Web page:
My review of Grown Up Digital
March 17, 2010 1 Comment
Book number five in my “26 in 52 Challenge” took a bit longer to get through than I thought it would. Grown Up Digital, written by Don Tapscott aims to prove the point that those born in the “Net Generation” (or Generation Y) aren’t as screwed up as those in Generation X or Baby Boomers think they are.
Since I’m a part of the Net Generation this is something that interests me. From the outset, however, I felt like it was a manual for Boomers/Gen Xers to read, and I was looking in as an outsider. For the first time reading a “Gen Y” kind of piece, didn’t feel it accurately portrayed my Generation, even though Tapscott backed up his arguments with facts taken from surveys from a variety of places and acknowledged arguments from critics; it just all seemed too much of a positive look for the generation; too good to be true – like the research was off.
One of the points brought up in the book is that my generation is living online or our devices. This is another generalization that I can’t say is true. When I hang out with people I meet online, yes I see it, but in other friendships I don’t see it at all. There’s a whole whack of people my age that could care less about social networks and connecting. It’s not fair to lump a whole generation into this category. Those same people aren’t all failing because of the way schools teach or their parents govern the household either. I’m not saying the changes Tapscott proposed, including collaborative learning and family life, are bad, I’m just saying maybe it’s not this generation that necessarily needs it to do well.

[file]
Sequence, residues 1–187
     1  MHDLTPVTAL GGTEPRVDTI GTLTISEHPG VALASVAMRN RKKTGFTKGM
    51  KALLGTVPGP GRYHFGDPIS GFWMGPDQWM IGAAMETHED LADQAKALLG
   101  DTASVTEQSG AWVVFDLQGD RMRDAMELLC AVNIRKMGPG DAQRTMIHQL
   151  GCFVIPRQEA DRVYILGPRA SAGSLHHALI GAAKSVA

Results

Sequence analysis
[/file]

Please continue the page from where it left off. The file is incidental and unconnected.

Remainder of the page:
I can make this post go on for much longer. There are so many points to bring up, but I’ll cut it short. I’ll agree with Tapscott in saying the Net Generation isn’t going to doom the world. Each Generation overreacts at the next and things tend to turn out balanced either way. I doubt things will get much better or worse as we go along, but it’s always good to be hopeful for the future.
This is a great read if you enjoy the essay format, but I prefer conversational (maybe a trait of my generation) and this didn’t really give any of that. The points brought up are always a great discussion so I don’t regret reading it, but I give it a 2.5/5.